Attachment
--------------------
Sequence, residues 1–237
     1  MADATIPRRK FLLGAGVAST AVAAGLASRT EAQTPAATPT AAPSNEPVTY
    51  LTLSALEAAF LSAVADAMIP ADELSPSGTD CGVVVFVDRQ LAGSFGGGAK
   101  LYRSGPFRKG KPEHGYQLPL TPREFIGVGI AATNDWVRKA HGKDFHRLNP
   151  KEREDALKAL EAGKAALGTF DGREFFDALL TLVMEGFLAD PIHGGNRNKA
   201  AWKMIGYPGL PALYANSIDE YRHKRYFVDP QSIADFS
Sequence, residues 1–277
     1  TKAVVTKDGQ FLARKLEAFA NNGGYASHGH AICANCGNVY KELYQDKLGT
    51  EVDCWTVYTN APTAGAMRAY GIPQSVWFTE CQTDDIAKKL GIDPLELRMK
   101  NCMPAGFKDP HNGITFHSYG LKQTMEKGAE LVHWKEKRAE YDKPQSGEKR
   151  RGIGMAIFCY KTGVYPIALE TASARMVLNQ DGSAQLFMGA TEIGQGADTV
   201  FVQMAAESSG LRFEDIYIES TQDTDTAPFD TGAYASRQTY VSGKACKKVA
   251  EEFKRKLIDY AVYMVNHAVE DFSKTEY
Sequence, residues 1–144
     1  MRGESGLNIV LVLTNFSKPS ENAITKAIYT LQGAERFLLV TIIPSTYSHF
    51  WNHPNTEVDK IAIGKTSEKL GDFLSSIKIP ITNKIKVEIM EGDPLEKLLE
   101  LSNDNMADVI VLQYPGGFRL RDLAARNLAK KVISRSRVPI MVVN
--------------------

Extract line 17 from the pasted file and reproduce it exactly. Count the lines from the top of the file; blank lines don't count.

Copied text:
   101  LSNDNMADVI VLQYPGGFRL RDLAARNLAK KVISRSRVPI MVVN